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Updated October 6, 2021 at 8:25 PM ET

The White House is allocating an additional $1 billion to purchase millions of rapid at-home tests for COVID-19, in response to an ongoing national shortage of these tests. The announcement was made by White House COVID-19 response coordinator Jeffrey Zients at a briefing on Wednesday.

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Through July and August, Julie Smith watched her husband, Jeffrey, get worse and worse from COVID-19. In early July, the healthy outdoorsman, 51, had tested positive for the coronavirus. Within a week, he was admitted to the intensive care unit at a hospital near their home in the suburbs of Cincinnati.

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Some Americans are already lining up for COVID-19 booster shots, but the Centers for Disease Control and Prevention is warning that administering doses of the vaccine in ways that aren't OK'd by the federal government could put health care providers at risk of lawsuits and leave patients with unexpected bills.

These so-called "off-label" uses include giving the vaccine out as a booster shot to people who are not immunocompromised, or using it to vaccinate children under the age of 12 for whom the shot is not yet authorized.

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Health officials are preparing to roll out COVID-19 booster shots in the United States this September. According to a plan announced Wednesday, all U.S. adults who received a two-dose vaccine would be eligible for an additional jab of the Pfizer or Moderna vaccine eight months from when they got their second one.

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Updated August 13, 2021 at 6:07 PM ET

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As kids return to school amidst the delta variant surge, parents can look out for certain symptoms and follow some recommended steps to keep children and their classrooms as safe as possible.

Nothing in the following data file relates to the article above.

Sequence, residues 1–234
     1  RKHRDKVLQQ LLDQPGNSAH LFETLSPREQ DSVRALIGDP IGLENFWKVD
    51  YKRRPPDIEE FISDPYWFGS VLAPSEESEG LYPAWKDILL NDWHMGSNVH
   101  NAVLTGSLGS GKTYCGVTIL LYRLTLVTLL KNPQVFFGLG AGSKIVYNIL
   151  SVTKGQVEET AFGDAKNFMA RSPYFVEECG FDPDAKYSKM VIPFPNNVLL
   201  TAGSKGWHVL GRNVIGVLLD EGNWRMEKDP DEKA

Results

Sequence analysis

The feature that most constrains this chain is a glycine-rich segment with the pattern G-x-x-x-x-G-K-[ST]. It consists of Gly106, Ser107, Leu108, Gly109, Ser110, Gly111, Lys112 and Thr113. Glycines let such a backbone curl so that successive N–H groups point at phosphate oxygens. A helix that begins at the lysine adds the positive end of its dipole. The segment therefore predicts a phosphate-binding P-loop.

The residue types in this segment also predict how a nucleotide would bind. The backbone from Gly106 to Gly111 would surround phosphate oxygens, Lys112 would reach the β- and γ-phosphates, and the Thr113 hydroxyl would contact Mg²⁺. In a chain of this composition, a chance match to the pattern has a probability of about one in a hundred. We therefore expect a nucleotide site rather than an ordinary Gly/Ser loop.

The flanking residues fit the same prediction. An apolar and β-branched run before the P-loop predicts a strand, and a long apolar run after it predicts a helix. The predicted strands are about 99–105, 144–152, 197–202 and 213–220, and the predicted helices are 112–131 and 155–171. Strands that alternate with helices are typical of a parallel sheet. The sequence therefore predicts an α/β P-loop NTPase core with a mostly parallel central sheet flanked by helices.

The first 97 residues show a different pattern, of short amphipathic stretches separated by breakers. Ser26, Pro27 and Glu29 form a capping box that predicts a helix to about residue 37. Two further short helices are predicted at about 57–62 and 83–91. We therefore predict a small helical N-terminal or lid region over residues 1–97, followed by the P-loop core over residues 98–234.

It's inevitable that when kids mix — returning from camp or heading back to school — germs spread. And in a pandemic year fueled by the delta variant, some of those germs may cause COVID-19. The Centers for Disease Control and Prevention has advice for keeping your child protected from this highly contagious version of the coronavirus now and this fall: Mask up in schools and other crowded venues, and make sure everyone age 12 and older in the family gets a COVID-19 shot.

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Alba Feliz is a little nervous about getting the vaccine. At 17, she's the first person in her immediate family to seriously consider getting it. "In my house, they never really trust the vaccine," she says. Social media has been her main source of information, and the contradictory messages have been confusing.

The summer surge in COVID-19 cases is an unwelcome surprise for health officials and experts who thought, for a brief period, that the U.S. had the coronavirus pandemic largely under control.

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The first cruise set to sail from American ports in more than 15 months is headed to the Caribbean this summer.

Celebrity Cruises got approval from the Centers for Disease Control and Prevention to bring passengers aboard for the seven-night cruise on June 26, the company announced this week.

"CDC and the cruise industry agree that the industry has what it needs to move forward and no additional roadblocks exist for resuming sailing by mid-summer," CDC spokesperson Caitlin Shockey confirmed in an email.

Updated May 28, 2021 at 5:20 PM ET

The Centers for Disease Control and Prevention has revised earlier guidelines regarding mask use and vaccinations at summer camps. The updated guidelines, released Friday, now say that at camps where everyone has been fully vaccinated, campers can sing, play sports and weave baskets mask-free – except where required by local law.

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Updated May 12, 2021 at 7:29 PM ET

Teens and preteens in the U.S. have spent much of the past year distance learning. Many have missed out on birthday parties, book clubs, team sports and hanging out with groups of friends.

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